Vibrant and meaningful vision is intimately tied to leaders’ dreams hopes for the future. To be effective, though, vision cannot, remain at the level of senior leadership. Only to the extent that it is communicated throughout an organization and collectively embraced does vision become relevant to the work of the organization and begin exerting influence on concrete operational realities.
We once had the pleasure of visiting a family resort famous not only for its spotlessly pristine grounds, but also for its ability to maintain such cleanliness through the efforts of teenagers whose mothers couldn’t get them to clean their rooms if they tried.
Seeing one such youth patrolling a plaza with a broom and dustpan, we introduced ourselves and asked him to tell us about his job. The young man described the kinds of routine duties that one would normally expect. But when we asked what he was trying to achieve with his work, he, knowingly or unknowingly, began describing a powerful vision of service.
“Everybody who comes here has problems,” he said. “They have problems when they come, and they’ll have problems when they go. What we try to do is create a fantasy world where, for at least a little while, they can forget their problems.”
Impressed by his answer, we asked how he furthered such a noble goal. He shrugged and said, “Sweeping junk off the ground.”
Remarkable as the young man’s understanding of his job might be, it bears emphasis that his attitude was no happy accident. He wasn’t simply a singularly mission-driven employee that some manager had the good fortune to discover. Rather, his thinking was the effect of a leader-created culture that consciously surrounded even the most mundane tasks with meaning.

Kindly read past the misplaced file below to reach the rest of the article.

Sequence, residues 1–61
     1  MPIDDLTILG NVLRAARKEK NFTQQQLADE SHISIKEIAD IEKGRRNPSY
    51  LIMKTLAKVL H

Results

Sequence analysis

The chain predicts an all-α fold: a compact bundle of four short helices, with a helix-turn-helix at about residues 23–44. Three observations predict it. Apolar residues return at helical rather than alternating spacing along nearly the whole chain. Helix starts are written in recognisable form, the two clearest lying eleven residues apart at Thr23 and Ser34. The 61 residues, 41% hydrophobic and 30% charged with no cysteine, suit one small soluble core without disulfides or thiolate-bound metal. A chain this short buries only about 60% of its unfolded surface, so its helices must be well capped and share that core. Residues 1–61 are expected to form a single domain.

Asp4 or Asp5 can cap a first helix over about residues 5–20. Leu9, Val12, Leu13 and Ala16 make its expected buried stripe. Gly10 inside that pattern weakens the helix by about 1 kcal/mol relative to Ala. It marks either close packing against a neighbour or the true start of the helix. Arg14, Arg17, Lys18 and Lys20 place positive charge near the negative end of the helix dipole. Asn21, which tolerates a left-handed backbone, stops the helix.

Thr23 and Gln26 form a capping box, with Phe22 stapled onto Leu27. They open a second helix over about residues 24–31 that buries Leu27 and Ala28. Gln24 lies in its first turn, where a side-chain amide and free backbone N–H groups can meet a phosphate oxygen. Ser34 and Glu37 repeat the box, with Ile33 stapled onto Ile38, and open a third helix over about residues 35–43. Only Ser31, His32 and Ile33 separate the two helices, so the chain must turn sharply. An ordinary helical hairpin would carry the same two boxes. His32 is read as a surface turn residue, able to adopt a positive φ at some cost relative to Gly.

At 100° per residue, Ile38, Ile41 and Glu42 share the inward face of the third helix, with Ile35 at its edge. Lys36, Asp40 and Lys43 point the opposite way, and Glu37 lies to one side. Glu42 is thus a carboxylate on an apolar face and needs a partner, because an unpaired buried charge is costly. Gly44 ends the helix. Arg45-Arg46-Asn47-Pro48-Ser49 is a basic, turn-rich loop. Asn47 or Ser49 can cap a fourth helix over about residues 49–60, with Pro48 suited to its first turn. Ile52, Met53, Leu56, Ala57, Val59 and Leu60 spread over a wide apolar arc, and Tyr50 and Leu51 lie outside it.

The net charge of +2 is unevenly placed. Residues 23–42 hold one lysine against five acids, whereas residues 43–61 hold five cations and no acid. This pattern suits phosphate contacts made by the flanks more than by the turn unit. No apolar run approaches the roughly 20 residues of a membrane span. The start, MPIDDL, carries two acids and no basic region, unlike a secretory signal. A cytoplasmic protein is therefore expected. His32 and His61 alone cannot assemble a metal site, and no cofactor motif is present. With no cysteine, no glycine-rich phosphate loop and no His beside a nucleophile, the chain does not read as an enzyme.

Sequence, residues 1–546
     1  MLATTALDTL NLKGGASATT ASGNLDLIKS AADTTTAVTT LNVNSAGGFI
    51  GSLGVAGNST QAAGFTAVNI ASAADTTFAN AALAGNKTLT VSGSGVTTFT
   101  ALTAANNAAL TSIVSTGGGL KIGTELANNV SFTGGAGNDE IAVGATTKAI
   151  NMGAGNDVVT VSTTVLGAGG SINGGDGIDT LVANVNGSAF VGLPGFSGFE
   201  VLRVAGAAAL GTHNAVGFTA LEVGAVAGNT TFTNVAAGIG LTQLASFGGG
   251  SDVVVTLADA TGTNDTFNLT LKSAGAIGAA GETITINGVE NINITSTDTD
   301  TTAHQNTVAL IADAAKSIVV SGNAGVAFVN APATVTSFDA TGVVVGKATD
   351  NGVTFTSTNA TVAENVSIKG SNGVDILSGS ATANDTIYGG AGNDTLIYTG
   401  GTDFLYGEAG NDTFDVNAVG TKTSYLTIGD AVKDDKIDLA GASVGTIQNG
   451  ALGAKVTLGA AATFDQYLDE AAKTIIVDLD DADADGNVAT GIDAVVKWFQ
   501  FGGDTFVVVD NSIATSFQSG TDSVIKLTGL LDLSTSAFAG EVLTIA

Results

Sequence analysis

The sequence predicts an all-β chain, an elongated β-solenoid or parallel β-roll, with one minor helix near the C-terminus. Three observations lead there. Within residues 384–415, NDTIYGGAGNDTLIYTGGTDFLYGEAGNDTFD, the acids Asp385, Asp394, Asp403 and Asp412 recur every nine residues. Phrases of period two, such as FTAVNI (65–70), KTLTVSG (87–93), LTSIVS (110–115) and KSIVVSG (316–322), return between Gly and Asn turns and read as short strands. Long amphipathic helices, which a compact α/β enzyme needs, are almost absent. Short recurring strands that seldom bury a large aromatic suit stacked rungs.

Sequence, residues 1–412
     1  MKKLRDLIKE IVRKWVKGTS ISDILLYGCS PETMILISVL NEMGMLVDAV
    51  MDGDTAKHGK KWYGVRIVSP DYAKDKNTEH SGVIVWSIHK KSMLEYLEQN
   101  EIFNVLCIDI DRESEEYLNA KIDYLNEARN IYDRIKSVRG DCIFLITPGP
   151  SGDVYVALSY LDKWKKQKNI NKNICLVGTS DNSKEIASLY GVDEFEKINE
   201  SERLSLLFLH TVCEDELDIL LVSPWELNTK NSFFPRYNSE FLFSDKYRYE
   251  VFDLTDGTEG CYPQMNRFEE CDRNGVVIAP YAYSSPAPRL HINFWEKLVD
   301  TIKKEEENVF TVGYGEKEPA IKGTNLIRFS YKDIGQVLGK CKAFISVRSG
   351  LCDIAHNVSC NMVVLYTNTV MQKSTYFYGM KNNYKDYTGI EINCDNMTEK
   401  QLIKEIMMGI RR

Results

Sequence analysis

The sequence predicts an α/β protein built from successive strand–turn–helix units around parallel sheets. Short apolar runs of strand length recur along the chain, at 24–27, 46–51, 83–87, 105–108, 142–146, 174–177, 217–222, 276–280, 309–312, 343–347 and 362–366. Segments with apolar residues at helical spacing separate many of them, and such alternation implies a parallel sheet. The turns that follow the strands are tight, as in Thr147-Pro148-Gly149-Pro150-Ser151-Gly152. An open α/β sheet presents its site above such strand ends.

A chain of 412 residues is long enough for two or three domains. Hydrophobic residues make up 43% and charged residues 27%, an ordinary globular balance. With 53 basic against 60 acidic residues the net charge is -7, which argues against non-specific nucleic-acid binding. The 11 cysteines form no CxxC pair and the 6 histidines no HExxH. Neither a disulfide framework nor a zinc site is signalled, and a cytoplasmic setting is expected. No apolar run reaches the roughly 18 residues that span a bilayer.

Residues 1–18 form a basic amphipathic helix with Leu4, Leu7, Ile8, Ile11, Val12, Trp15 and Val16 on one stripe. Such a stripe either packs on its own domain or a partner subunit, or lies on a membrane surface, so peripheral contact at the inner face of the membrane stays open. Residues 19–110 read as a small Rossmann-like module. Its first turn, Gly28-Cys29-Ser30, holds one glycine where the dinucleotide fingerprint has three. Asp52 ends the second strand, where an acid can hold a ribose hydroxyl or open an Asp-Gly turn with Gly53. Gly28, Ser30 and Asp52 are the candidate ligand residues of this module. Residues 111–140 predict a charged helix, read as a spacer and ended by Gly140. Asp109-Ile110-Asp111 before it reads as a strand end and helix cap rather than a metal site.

Raising attitudes such as this to the level of culture ensures their continuation and steady proliferation throughout the organization. Rather than being an attribute of the employee filling any given position, they are an attribute of the system as a whole.
Getting to this point is no simple task. To become an element of culture, vision must be communicated throughout the entirety of an organization. It must be communicated in terms and through channels that are meaningful and appropriate to each particular level. And it must be communicated not just once or even periodically, but constantly and continuously.
This requires considerable effort. John Kotter, a former professor at Harvard Business School and one of the foremost authorities on leadership and change, suggested that most organizations undercommunicate their vision by a factor of ten. For every instance the average leader refers to an organizational vision, Kotter says he or she should do it an additional nine times.
It becomes clear, then, that while leaders may appreciate the importance of communicating vision, almost all drastically underestimate the work needed to establish it as a vibrant element of workplace culture.